How are you doing in this strange new reality? We have been sheltering in place since last Wednesday and so far, so good. We’re healthy, we have plenty of food, we’re connected to family and friends, and we’re getting outside to take walks with our dogs.
Many people have transitioned to working from home and I’m impressed with the number of people I know who have become skilled at using Zoom or other types of video conferencing in a short time, my husband included!
I have had a home office and have worked remotely more often than not over the last 20 or so years, except to see clients, attend meetings and so forth. That means that not a whole lot has changed for me in the past couple of weeks, at least work-wise. At any rate, because working from home is so new for so many, I wanted to share my thoughts on what has worked for me (and what hasn’t!)
- Create a work-at-home routine. Working from home can become unwieldy very quickly without some parameters in place. The idea seems great – no commute, work in your pajamas! – but the lines between work and home can quickly become blurred without some type of schedule. As time goes on, I try to schedule more of my focused work (writing, projects and the like) for the mornings and client appointments in the afternoon. That being said, the ability to be flexible is key when you are also trying to accommodate others’ schedules so keep that in mind.
- Build in a time for lunch and take breaks. I can (and have) sat at my computer for hours on end and can attest to the fact that there’s a point at which you need to get up and do something else, even if it’s to take a walk to get the mail, or just stretch your legs. Sitting for long periods of time is just plan unhealthy; research shows that it can increase your chances of cancer, type 2 diabetes, cardiovascular disease, and back pain. Sitting and staring at a screen for hours at a time can cause eye strain, headaches, and weight gain, not to mention back, shoulder and neck pain. Most experts recommend getting up and moving every hour for at least 10 minutes to avoid problems creeping up on you. Moreover, giving your mind a break will enable you to come back to your work with refreshed concentration and creativity, and prevent burnout.
- Feeling isolated. I use the phone, email and the internet to do just about everything. I have worked with a VA (virtual assistant), Kim, for years, and I can always trust her to get the job done professionally and pleasantly. We have never met in person, but we know about each others’ lives and stay in touch that way, and she has become very dear to me. My Instagram manager, who I’ve also never laid eyes on, does an amazing virtual job for me, and is also a lovely person. I have meetings with clients and colleagues, attend classes and interact with others, and facilitate a university class, all virtually. Until recently, I would see local clients in person but obviously that has changed for now. My point is this: It’s possible to have great relationships with colleagues and others, even when you don’t seem them in person. I’m not advocating being a hermit by any means but it’s important to realize that working remotely doesn’t have to isolate you. Over time, I’ve been able to meet some of my virtual associates in person at conferences or when traveling, and some have become dear friends. Know that there will be a time when this is all over. If you can make the best of it and stay connected to others, you may find some unexpected gifts along the way.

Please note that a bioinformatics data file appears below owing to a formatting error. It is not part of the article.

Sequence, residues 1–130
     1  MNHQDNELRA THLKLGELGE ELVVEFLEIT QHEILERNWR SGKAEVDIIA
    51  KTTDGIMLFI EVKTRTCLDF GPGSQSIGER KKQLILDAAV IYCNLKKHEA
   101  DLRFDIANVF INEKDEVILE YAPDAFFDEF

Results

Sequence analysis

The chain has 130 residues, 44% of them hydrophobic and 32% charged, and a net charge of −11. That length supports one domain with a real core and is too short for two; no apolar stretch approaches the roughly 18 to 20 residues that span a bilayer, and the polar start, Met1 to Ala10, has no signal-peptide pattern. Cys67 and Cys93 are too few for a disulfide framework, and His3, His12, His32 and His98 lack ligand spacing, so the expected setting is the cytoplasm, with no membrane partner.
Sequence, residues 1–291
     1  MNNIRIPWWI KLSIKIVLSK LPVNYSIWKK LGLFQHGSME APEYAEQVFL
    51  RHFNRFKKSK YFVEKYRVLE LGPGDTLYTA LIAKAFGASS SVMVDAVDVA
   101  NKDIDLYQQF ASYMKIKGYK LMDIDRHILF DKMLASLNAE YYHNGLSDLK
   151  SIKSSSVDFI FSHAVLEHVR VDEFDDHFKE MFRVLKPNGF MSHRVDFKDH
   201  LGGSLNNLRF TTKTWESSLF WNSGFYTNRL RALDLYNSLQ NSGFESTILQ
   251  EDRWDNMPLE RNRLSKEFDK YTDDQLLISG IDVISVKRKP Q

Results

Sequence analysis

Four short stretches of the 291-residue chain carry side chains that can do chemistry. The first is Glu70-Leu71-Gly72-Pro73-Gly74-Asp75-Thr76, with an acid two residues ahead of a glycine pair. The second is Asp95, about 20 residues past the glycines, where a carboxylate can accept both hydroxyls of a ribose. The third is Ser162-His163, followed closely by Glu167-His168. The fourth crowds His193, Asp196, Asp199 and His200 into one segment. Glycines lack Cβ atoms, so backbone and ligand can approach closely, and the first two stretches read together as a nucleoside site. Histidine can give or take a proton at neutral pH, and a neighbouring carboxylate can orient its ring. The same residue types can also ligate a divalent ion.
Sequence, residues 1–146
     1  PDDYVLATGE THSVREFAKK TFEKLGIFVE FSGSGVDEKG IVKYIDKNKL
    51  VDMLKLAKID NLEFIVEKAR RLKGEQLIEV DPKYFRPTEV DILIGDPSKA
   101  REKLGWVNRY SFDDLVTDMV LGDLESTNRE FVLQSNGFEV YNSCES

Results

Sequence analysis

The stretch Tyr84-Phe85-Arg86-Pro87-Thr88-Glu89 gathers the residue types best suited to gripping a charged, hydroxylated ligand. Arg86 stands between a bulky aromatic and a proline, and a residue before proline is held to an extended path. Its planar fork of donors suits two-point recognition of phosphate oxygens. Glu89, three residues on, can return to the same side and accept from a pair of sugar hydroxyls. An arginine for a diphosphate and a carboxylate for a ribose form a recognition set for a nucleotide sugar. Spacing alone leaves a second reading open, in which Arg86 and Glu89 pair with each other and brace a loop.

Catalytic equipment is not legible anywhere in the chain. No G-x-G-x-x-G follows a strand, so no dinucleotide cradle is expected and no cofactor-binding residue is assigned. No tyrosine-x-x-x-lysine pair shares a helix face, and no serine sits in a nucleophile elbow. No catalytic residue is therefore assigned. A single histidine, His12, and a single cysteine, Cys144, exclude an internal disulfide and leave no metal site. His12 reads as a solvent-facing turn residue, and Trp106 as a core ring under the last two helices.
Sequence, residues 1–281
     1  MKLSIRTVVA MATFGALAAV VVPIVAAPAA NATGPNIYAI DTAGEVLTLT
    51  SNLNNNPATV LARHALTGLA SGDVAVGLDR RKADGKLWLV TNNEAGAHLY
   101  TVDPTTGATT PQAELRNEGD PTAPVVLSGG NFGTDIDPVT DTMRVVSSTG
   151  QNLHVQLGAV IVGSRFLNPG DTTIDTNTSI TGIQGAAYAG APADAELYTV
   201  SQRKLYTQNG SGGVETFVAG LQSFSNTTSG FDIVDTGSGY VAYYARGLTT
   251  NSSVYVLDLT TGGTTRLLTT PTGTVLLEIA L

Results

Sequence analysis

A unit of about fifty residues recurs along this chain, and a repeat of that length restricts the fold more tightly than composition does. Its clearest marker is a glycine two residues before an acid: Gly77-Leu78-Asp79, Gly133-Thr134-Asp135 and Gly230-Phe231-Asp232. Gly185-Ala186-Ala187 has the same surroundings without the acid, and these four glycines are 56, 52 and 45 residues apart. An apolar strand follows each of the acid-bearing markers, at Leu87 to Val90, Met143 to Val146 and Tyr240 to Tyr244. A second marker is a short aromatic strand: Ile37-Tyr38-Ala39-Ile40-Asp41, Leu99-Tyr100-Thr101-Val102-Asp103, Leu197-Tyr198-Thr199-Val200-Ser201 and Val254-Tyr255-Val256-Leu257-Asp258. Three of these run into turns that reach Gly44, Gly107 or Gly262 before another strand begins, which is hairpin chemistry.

- Get out of those pajamas. It’s tempting to feel like you don’t need to make much of an effort to be presentable when you’re working remotely. The reality, though, is that you are the one who will feel better if you make the decision to be presentable. Obviously, wearing a suit or a suit and tie when you’re working from home is overkill, but you can still be your best self. Getting dressed (think casual Friday) will help you to feel more professional and cause your mind to be sharper. Not to mention that most everyone is using video conferencing these days. Putting your best foot forward will only add to your confidence and credibility and help define the line between your home life and your professional life. There’s nothing wrong with wearing your workout clothes on those days when you have no appointments and want to be comfortable. I do it often. Just keep in mind that you want to look appropriately professional on days when you have meetings with clients and colleagues.
If you’re new to working from home, I hope this has been helpful to you and I’ll be back with part 2 next time. For now, stay safe and take good care! If there’s anything I can do to support you throughout this time, please drop me a note at firstname.lastname@example.org.
Stay safe and well!